As Donald Trump embarks on his first year as president of the United States, the most pressing international issues he has to deal with are related to the Middle East. Washington’s relations with traditional ally Israel are seriously frayed after eight years of President Obama. Radical Islam has shaken the region to its core with unprecedented terrorism. An emboldened Iranian regime is on the march towards military supremacy in the region through arming itself with nuclear weapons and ballistic missiles, all the while continuing to support Shia revolutionaries and terrorists everywhere. Much of the world has been impacted directly by the spreading malignancy of Islamist terror.
As President Trump meets Israeli prime minister Benjamin Netanyahu at the White House, he is making a wise initial move by shoring up America’s critical alliance in the Middle East. But the road ahead is bound to be very difficult. It is worth stepping back to look at the recent history of the region, and the U.S. engagement there, to provide context for shaping a constructive and effective policy towards the region going forward.
American administrations have tried to bring a durable peace to the Middle East for decades. The “Middle East” in this context has meant primarily relations between Israel and its Arab neighbors. There have been some successes (notably the 1978 Camp David Accords, which brought peace between Egypt and Israel, and the 1994 peace treaty between Jordan and Israel), but a lasting regional peace has been elusive.
George H. W. Bush, aided by former secretary of state James Baker, used the de facto alliance of Israel with several Arab states in the coalition that opposed Saddam Hussein’s invasion of Kuwait in the first Gulf War to convene the 1991 Madrid Peace Conference (once the fighting was over and Hussein defeated). However, no lasting regional agreement was achieved.
Bill Clinton invested himself personally in the peace process, learning the ins and outs of Israeli politics and inviting Palestinian leader Yasser Arafat to Camp David and the White House in the waning days of his presidency, only to have his proposals rejected by Arafat and a second intifada erupt in Jerusalem.
George W. Bush made efforts of his own, including a 2003 statement that American policy was based on a two-state solution or, in other words, the carving out of a Palestinian state from Israel-controlled land inhabited by a predominantly Palestinian population. The idea of two states existing side by side would appear to be the best solution to issues of land ownership and national sovereignty.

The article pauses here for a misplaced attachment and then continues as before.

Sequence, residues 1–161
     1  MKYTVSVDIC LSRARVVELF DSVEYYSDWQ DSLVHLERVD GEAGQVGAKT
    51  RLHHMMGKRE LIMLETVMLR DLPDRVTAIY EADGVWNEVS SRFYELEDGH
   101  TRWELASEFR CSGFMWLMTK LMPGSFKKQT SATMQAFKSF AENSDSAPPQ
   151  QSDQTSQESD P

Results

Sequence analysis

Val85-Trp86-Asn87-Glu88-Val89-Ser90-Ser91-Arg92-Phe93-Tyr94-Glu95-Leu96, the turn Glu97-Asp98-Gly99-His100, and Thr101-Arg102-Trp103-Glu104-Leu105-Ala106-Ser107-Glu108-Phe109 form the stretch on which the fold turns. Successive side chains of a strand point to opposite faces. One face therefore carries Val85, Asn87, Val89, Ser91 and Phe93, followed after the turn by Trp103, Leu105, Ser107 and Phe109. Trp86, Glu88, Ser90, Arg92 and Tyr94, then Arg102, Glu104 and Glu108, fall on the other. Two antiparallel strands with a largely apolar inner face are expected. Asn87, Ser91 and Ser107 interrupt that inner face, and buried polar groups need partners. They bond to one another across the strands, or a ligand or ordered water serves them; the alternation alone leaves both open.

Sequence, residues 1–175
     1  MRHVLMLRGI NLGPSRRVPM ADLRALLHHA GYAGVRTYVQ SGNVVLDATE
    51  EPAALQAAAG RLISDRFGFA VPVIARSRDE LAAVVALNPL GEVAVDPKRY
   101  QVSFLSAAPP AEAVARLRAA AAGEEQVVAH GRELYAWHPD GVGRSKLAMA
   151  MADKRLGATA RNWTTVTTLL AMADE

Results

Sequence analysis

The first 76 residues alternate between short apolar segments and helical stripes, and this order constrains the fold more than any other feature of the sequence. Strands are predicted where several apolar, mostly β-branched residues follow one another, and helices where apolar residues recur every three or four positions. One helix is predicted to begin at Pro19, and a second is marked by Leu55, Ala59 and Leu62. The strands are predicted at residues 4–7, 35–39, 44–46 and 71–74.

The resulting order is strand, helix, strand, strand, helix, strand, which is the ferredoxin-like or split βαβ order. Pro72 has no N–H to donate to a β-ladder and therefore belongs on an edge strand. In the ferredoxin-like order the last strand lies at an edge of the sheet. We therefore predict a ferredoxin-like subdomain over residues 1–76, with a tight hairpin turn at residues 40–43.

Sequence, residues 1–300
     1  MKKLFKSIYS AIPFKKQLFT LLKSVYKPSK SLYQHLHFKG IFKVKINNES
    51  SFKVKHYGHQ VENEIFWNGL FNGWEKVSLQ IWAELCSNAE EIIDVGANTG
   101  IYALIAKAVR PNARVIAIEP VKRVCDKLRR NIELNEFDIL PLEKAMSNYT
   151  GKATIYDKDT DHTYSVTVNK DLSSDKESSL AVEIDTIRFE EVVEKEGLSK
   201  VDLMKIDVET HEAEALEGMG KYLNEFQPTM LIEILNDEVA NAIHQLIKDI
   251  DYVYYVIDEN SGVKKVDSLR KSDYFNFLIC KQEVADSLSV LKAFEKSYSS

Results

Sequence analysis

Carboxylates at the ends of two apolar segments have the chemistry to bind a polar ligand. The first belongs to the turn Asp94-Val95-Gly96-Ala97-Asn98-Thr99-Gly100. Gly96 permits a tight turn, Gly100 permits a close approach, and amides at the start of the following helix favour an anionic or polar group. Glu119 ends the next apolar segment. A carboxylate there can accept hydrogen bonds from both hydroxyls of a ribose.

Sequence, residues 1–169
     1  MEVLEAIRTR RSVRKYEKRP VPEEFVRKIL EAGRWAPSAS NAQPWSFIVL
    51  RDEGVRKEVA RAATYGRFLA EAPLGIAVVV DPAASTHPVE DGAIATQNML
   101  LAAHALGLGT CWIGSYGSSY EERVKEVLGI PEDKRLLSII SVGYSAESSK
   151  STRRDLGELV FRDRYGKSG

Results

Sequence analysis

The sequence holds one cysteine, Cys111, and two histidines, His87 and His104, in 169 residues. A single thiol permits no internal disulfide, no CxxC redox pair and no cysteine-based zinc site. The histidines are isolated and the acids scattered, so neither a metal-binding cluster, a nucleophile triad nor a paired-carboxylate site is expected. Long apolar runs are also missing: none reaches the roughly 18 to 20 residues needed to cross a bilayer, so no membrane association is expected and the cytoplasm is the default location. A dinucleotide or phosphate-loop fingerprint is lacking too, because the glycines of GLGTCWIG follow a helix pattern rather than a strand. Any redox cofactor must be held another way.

Barack Obama is the first American president whose position has clearly been more favorable to the Palestinian side than the Israelis. His personal relationship with Netanyahu was contentious, and his end-of-term decision to abstain from a United Nations Security Council vote condemning Israeli settlement activity in territories captured in the 1967 war (an abstention that allowed the resolution to pass) marked a sharp departure from America’s traditional policy of supporting Israel.
With this gloomy history of frustrated peacemaking efforts, what chances does our new president have of making real progress towards establishing a lasting peace in the Middle East?
I would argue that the sad state of Arab-Israeli relations, together with the widespread chaos in the region, create a situation that offers real peacemaking opportunities to the right American leader—and that leader might be Trump.
It has always been vitally important to view Arab-Israeli relations in the context of the wider region, especially Syria, Lebanon, Jordan, Iraq, Turkey, Iran, Egypt, and the Arab Gulf states (Saudi Arabia, Kuwait, the United Arab Emirates, Qatar, Bahrain and Oman). That context has changed dramatically over recent decades and those changes must be factored into any credible approach to solving the conflict between Israel and the Palestinians.
Arab national politics, since the time of Egyptian president Gamal Abdel Nasser, have hinged largely on governments excusing their own failings because of “the Israeli occupation of Arab lands.” Thus state-controlled Arab media (and virtually all of it is state controlled) has for decades blamed Israel for virtually all Arab woes.
In coffee shops from Cairo to Sanaa and Beirut, I have heard this refrain picked up by locals, usually with a CIA conspiracy or two thrown in for good measure.
I have found the same views espoused by government ministers and wealthy businessmen. Sometimes these positions are supported by popular anti-Jewish propaganda. A Saudi minister of commerce told me in all seriousness that the key to understanding the Middle East conflict, and most of the problems in the world for that matter, could be found in The Protocols of the Elders of Zion, a document he was printing and distributing. The fact that this tract, which blames a Jewish conspiracy for creating many of the problems in the world, has long been debunked as a fake, did not dampen the enthusiasm of the minister.